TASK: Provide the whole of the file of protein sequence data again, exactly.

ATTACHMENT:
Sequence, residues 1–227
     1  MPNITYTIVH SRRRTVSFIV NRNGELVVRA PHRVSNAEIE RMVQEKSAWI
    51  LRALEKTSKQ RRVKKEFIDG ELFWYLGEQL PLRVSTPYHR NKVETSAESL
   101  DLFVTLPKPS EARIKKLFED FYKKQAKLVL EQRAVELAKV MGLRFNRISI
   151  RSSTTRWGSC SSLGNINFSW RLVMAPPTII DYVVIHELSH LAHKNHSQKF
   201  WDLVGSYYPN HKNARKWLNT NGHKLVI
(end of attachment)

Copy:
Sequence, residues 1–227
     1  MPNITYTIVH SRRRTVSFIV NRNGELVVRA PHRVSNAEIE RMVQEKSAWI
    51  LRALEKTSKQ RRVKKEFIDG ELFWYLGEQL PLRVSTPYHR NKVETSAESL
   101  DLFVTLPKPS EARIKKLFED FYKKQAKLVL EQRAVELAKV MGLRFNRISI
   151  RSSTTRWGSC SSLGNINFSW RLVMAPPTII DYVVIHELSH LAHKNHSQKF
   201  WDLVGSYYPN HKNARKWLNT NGHKLVI